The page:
Early elections in Armenia: Pashinyan’s gambit
On 1 November, the President of Armenia, Armen Sargsyan, signed a decree on dissolving parliament. The new elections to the National Assembly will take place on 9 December. In accordance with the constitution, the parliament was terminated after deputies failed for the second time to choose a candidate for prime minister. The only person seeking the office was the current head of government, Nikol Pashinyan. Of the 105 deputies sitting in parliament, 11 abstained, while the others did not vote. In addition, on 29 October a vote was held on changes to the electoral law forced through by Pashinyan, which called for its standardisation (into a fully proportional system rather than a mixed ordinance) and the lowering of the electoral thresholds, from 5% to 4% for parties and from 7% to 6% for a coalitions. However, these draft amendments did not receive the required two-thirds majority to pass.
- The announcement of new elections in Armenia ends a parliamentary dispute which had lasted for three weeks. Prime Minister Pashinyan, who came to power as a result of mass public protests in late April and early May, had been unable to exercise government effectively. His parliamentary bloc Yelk (Exit) has just 9 seats in the 105-seat Chamber of Deputies, as well as the support of 8 independent deputies. The functioning of the cabinet was therefore dependent on cooperation with other parties: Prosperous Armenia, run by the oligarch Gagik Tsarukyan (31 seats), and the nationalist Dashnaktsutyun (7 seats). Both of these parties had been trying to prevent new elections from being held, and to this end they cooperated with the Republican Party of Armenia, led by the former president Serzh Sargsyan. This situation led to a stalemate: Pashinyan wielded power thanks to his mandate from the massive support of the crowds of protesters, while the Republicans with their 50 deputies could not form a government because it would have been fatally undermined in the eyes of the general public.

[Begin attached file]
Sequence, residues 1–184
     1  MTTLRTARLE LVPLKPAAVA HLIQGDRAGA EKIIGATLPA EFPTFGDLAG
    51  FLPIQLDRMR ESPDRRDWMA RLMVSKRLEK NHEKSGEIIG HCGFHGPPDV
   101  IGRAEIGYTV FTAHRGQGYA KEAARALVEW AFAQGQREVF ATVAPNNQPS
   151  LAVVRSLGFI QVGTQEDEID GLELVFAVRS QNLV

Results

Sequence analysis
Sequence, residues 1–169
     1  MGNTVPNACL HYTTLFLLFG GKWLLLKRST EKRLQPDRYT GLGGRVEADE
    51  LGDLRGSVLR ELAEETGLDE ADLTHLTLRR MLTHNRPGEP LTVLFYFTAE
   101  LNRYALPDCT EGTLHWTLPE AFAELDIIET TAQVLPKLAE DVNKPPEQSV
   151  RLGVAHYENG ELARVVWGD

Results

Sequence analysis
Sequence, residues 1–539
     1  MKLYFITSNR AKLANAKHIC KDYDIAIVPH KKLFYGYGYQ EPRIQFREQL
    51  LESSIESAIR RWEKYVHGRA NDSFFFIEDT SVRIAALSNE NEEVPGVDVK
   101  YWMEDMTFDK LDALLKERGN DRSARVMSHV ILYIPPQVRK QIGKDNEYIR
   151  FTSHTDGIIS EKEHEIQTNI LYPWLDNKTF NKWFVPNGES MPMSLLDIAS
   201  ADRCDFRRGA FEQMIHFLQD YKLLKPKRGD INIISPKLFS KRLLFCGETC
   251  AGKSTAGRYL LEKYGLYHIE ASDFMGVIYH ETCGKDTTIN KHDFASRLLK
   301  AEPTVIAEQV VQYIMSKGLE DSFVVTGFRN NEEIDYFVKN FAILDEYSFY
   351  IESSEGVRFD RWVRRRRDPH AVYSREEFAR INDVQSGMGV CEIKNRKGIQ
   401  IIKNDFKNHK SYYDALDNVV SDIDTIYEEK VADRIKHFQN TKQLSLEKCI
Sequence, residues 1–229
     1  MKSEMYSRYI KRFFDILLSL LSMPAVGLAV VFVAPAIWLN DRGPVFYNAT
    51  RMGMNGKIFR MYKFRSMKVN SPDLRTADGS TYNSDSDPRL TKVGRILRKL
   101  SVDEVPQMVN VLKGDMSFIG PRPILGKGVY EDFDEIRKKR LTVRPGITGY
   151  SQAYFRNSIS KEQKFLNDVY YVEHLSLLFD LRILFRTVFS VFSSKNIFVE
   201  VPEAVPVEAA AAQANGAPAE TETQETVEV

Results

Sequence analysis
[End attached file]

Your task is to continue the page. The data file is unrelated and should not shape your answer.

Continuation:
- The dissolution of parliament and the holding of elections represent a short-term success for Pashinyan, who is seeking to build up an effective political base. However, he can only achieve this by discounting the support of the masses of protesters who brought him to power. The prime minister has been trying to get elections held before the end of this year since he came to power on 8 May, stressing that the parliament’s current composition does not reflect the political mood. He wanted to take advantage of the revolutionary fervour in society, which is likely to burn out in the coming months (winter in Armenia is a difficult period, for many reasons including power cuts).
- Despite the popularity of Pashinyan and his ability to mobilise the masses, the outcome of the elections remains unclear. He labours under the disadvantage of the organisational weakness of his political bloc and its lack of local structures. The Republicans, in addition to having such structures, also have financial resources and administrative tools at their disposal; they also wield great influence in the form of patronage among local businessmen. Both they and Tsarukyan would prefer to maintain the current electoral system, under which part of the parliament will be elected by a majority ordinance. The early elections will thus either result in Pashinyan confirming his social mandate or the Republicans depriving him of it.